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Study Shows that Intensity of Facebook Use Can Be Predicted by Reward-related Activity in the Brain

A person’s intensity of Facebook use can be predicted by activity in the nucleus accumbens, a reward-related area of the brain, according to a new study published by neuroscientists in the Languages of Emotion Cluster of Excellence at Freie Universität Berlin. Dr. Dar Meshi and his colleagues conducted this first ever study to relate brain activity (functional MRI) to social media use. The study was published in the latest issue of the open-access journal Frontiers in Human Neuroscience.

News from Aug 29, 2013

The researchers focused on the nucleus accumbens, a small but critical structure located deep in the center of the brain, because previous research has shown that rewards —including food, money, sex, and gains in reputation — are processed in this region.

“As human beings, we evolved to care about our reputation. In today’s world, one way we’re able to manage our reputation is by using social media websites like Facebook,” says Dar Meshi, lead author of the paper. Facebook is the world’s largest social media channel with 1.2 billion monthly active users. It was used in the study because interactions on the website are carried out in view of the user’s friends or public and can affect their reputation. For example, Facebook consists of users “liking” posted information. This approval is positive social feedback, and can be considered related to their reputation.

All 31 participants completed the Facebook Intensity Scale to determine how many friends each participant had, how many minutes they each spent on Facebook, and general thoughts. The participants were selected to vary widely in their Facebook Intensity Scale scores.

First, the subjects participated in a video interview. Next, the brain activity of the subjects was recorded, by using functional magnetic resonance imaging, in different situations. In the scanner, subjects were told whether people who supposedly viewed the video interview thought highly of them, and subjects also found out whether people thought highly of another person. They also performed a card task to win money.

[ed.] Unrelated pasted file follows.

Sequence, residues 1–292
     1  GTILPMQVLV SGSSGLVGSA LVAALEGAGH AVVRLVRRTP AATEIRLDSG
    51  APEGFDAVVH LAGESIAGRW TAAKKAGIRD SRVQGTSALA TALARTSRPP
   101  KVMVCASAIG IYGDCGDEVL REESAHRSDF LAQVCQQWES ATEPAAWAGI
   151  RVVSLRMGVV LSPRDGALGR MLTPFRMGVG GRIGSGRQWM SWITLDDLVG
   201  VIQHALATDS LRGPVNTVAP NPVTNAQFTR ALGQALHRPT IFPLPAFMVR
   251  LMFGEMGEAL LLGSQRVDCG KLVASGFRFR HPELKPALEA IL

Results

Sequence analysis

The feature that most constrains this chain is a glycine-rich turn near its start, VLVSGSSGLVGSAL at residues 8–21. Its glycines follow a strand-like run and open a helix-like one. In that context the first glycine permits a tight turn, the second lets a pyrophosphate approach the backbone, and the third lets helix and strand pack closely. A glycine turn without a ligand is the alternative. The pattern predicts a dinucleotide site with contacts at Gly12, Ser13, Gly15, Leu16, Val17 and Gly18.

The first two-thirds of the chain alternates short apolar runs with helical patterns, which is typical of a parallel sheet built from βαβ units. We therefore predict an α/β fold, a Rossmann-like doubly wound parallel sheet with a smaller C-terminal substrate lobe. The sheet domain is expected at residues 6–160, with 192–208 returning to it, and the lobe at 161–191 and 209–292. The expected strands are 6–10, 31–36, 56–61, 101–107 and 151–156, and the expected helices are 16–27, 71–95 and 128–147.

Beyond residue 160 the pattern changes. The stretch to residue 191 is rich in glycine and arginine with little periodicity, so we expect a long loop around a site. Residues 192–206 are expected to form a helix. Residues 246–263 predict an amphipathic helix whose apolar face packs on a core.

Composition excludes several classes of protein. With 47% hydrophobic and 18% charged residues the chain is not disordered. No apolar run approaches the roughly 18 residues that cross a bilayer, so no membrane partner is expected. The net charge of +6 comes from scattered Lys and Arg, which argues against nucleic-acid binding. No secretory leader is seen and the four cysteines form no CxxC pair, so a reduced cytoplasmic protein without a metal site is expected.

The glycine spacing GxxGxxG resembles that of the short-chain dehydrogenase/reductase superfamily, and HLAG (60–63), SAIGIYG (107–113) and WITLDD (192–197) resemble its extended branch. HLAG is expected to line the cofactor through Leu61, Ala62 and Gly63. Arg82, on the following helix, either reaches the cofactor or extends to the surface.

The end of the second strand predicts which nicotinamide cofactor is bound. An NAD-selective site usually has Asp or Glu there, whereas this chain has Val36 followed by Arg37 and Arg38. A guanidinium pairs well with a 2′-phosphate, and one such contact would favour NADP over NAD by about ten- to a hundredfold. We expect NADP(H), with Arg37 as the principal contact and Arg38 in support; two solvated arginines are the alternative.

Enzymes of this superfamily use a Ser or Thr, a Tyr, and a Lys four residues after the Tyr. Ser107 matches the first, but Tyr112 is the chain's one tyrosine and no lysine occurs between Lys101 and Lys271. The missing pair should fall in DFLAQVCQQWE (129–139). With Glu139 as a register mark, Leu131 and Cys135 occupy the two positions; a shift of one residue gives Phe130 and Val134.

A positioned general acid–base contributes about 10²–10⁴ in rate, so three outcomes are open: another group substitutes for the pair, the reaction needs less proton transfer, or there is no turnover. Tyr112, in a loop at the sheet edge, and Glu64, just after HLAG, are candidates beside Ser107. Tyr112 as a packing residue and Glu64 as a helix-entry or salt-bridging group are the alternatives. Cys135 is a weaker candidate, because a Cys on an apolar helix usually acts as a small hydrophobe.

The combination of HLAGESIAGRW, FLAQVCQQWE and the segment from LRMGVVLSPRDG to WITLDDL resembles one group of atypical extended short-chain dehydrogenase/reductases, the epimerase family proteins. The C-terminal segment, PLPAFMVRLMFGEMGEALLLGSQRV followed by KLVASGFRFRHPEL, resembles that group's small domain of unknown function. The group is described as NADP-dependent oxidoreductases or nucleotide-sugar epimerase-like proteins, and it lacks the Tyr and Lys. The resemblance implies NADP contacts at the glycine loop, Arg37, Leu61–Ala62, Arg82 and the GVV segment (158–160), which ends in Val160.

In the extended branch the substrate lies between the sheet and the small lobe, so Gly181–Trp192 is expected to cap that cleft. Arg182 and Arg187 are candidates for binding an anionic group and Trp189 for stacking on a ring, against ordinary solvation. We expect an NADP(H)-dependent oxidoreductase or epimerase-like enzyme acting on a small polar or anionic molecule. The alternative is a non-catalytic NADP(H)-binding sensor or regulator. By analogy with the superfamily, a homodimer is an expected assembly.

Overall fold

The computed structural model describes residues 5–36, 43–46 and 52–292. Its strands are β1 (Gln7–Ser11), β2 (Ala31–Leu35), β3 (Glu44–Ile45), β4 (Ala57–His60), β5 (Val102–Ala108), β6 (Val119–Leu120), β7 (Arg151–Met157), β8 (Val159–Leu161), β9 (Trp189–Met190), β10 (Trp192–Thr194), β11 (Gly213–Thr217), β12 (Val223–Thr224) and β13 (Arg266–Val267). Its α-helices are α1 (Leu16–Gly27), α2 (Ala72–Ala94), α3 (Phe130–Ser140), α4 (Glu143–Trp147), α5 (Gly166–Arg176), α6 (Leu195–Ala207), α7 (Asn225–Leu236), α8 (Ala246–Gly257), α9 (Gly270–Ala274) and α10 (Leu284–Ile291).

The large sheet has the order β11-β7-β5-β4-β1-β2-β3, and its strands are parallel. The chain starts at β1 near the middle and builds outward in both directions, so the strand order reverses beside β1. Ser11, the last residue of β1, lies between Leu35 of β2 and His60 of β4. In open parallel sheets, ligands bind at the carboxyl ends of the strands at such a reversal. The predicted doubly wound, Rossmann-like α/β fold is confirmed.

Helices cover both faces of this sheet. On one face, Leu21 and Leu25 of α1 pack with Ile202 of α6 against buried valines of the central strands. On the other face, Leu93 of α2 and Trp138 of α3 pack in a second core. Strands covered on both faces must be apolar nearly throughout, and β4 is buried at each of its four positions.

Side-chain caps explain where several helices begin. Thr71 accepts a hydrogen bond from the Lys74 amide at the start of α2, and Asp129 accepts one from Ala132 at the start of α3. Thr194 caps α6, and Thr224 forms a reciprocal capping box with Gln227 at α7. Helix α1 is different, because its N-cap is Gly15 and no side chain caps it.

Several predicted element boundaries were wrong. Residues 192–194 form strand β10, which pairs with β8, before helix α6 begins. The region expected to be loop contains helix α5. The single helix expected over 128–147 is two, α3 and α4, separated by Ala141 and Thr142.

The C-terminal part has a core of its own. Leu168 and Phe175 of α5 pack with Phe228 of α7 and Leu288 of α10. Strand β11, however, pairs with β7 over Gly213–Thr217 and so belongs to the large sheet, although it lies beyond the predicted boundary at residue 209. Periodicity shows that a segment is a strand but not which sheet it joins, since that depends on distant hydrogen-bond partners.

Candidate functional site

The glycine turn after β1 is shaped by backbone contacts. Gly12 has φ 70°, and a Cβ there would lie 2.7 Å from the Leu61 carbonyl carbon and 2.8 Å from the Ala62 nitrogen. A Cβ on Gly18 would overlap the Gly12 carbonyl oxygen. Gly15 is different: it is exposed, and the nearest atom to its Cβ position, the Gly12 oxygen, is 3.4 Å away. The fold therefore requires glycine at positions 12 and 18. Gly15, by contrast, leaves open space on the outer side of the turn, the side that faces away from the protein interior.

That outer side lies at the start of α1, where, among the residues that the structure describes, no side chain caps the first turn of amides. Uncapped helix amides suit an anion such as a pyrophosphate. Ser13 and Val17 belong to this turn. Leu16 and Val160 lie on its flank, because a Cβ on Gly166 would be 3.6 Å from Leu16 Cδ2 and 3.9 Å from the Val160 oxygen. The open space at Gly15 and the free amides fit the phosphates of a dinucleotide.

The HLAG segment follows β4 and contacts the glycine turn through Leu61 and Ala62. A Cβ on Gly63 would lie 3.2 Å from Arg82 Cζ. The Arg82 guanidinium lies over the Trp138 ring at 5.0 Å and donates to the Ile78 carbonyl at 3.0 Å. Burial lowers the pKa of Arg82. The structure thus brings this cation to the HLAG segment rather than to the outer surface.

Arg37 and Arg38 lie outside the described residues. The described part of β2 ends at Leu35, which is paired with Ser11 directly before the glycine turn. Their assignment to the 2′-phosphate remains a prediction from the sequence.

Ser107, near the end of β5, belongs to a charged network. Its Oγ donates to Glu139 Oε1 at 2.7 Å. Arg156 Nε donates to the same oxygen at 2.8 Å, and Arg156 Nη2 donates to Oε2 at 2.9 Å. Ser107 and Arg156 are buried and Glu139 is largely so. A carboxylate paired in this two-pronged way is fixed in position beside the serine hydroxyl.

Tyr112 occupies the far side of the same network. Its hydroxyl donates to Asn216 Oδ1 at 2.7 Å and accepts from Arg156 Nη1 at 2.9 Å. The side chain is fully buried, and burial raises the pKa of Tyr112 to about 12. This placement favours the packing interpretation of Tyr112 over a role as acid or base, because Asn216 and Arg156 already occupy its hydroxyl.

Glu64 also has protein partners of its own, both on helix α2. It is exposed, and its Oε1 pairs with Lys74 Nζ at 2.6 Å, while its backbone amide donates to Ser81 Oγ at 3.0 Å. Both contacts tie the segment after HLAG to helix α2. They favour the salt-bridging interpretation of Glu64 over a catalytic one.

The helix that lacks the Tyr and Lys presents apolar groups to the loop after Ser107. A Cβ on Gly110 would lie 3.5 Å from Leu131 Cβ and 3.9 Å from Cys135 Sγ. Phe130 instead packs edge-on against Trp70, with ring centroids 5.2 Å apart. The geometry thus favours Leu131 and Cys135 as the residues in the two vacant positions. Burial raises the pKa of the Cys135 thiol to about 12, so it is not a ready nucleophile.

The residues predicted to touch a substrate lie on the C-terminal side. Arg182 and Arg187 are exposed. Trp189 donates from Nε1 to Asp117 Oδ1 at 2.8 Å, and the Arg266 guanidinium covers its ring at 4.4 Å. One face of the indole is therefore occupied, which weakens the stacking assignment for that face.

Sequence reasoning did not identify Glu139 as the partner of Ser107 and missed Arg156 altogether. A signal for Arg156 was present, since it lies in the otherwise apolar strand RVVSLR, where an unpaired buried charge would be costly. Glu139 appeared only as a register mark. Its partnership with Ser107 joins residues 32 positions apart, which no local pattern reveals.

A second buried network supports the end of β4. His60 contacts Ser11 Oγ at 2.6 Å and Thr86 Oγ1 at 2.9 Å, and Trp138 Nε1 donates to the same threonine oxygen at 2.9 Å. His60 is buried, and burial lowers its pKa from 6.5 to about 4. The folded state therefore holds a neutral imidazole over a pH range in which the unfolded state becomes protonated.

Results showed that participants who received positive feedback about themselves produced stronger activation of the nucleus accumbens than when they saw the positive feedback that another person received. The strength of this difference corresponded to participants’ reported intensity of Facebook use. But the nucleus accumbens response to monetary reward did not predict Facebook use.

“Our study reveals that the processing of social gains in reputation in the left nucleus accumbens predicts the intensity of Facebook use across individuals,” says Meshi. “These findings expand upon our present knowledge of nucleus accumbens function as it relates to complex human behavior.”

Regarding the potential for social media addiction and the effects of social media on education quality, these results may provide important motivation for clinical research and for further research on learning. As Meshi says, “Our findings relating individual social media use to the individual response of the brain’s reward system may also be relevant for both educational and clinical research in the future.” The authors point out, however, that their results do not determine if positive social feedback drives people to interact on social media, or if sustained use of social media changes the way positive social feedback is processed by the brain.

The study was conducted at the Languages of Emotion Cluster of Excellence at Freie Universität Berlin. It was supported by the Excellence Initiative of the German Federal Ministry of Education and Research.


Dar Meshi, Carmen Morawetz and Hauke Heekeren: Nucleus accumbens response to gains in reputation for the self relative to gains for others predicts social media use, in: Frontiers in Human Neurosience, DOI: 10.3389/fnhum.2013.00439.



Further Information

  • Dr. Dar Meshi, Languages of Emotion Cluster of Excellence, Department of Education and Psychology, Freie Universität Berlin, Tel.: +49 30 838 / 55749, Email: darmeshi@yahoo.com
  • Dr. Nina Diezemann, Office of News and Public Affairs, Freie Universität Berlin, Tel.: +49 30 838 / 73190, Email: nina.diezemann@fu-berlin.de